Many students at these religious institutions do not agree with the idea that their schools are exemplary in handling cases of sexual assault or discrimination.

In 2015 there were three reported instances of forcible sexual offenses, and three reported cases of stalking on campus, according Olivet’s Federal Discloser of Crime Statistics. The federal guidelines Olivet follows for investigating and reporting these incidences, such as the ones put forward in Title IX, are intended to increase the safety of students and provide an atmosphere free of sexual violence for education.

A former student of Oklahoma Baptist, Tristan Campbell wrote an article for the Religion News Service saying that not complying to these standards allows students to “be fired from campus jobs, suspended or expelled based solely on identifying as LGBT.”

Campbell was a leader for an on-campus equality group for LGBT students, and explains in his article that after being sexually assaulted by his boyfriend was not able to come forward to report the abuse because of the risk of being expelled if his sexuality was brought to light. Campbell was forced to remain in classes with his attacker and eventually left the school due to emotional distress.

In their letter requesting exemption, NNU sited the Church of the Nazarene’s handbook stance on sexuality and gender identity saying, “We reject all attempts at constructing sexuality or sexual identity by medically altering the human body, cross dressing, or similarly practicing behaviors characteristic of the opposite sex as morally objectionable and sinful.”

SNU’s exemption request contained similar language such as, “Sexual practices that are divorced from loving, conventional relationships between man and woman conflict with God’s intentions and result in sinful behavior that separates man from God and threatens salvation.”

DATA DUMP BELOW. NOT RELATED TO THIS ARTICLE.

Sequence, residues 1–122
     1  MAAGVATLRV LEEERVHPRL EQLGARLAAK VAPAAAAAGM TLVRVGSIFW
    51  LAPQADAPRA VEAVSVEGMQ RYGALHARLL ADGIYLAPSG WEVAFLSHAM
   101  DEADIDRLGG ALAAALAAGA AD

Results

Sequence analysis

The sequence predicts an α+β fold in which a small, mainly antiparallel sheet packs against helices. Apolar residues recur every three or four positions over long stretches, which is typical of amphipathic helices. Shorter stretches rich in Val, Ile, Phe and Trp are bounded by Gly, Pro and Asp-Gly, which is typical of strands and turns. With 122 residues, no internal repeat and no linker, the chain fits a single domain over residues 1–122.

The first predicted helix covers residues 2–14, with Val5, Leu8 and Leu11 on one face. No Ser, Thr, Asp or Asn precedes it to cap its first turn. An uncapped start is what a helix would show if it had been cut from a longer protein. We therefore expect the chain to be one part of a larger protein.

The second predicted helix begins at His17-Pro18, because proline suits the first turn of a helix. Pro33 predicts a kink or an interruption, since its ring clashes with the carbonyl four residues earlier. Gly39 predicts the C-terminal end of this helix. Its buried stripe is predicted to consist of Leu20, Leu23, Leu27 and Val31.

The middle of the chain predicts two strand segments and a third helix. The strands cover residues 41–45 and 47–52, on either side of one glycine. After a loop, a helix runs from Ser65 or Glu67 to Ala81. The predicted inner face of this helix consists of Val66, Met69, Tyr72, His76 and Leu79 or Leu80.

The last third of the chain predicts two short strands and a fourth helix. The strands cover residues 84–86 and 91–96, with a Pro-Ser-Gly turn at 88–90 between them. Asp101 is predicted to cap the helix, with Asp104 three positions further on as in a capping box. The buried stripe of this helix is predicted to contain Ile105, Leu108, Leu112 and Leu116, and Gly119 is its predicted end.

While Olivet is not seeking Title IX exemption they are exempt on the basis of religion for certain hiring practices as defined in their Equal Employment Opportunity Policy:

“The University complies with all applicable laws regarding nondiscrimination in employment, including those with respect to race, color, age, sex, national origin, marital status, military service, and disability. As a religious and education institution operating under the auspices of the Church of the Nazarene, Olivet is permitted by law to consider religious beliefs, religious practice, and conduct inappropriate with the mission statement of the University in making employment decisions, admission, educational decisions, and Olivet does so in order to fulfill its mission. Olivet does not, however, tolerate sexual harassment, sexual assault, domestic violence, dating violence, or stalking of any member of its community.”

“I do enjoy the environment, and I do love it, but I came here knowing that at any time the school could not want me here,” Davis said, regarding the other school’s requesting exemption. “The idea is a little sad to think that a school wouldn’t really care about me or my safety, or things that could happen to be because of my sexuality.”

-Erica Browning, Features Editor